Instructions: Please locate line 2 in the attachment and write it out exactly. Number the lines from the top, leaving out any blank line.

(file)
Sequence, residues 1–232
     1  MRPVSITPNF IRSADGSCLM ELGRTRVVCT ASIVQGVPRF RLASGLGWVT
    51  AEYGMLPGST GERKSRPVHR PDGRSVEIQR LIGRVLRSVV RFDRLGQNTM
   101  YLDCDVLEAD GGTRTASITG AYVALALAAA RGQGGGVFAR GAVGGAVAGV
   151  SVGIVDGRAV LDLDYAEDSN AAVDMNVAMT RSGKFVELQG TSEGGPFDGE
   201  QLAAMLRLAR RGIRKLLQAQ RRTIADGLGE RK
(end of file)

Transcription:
     1  MRPVSITPNF IRSADGSCLM ELGRTRVVCT ASIVQGVPRF RLASGLGWVT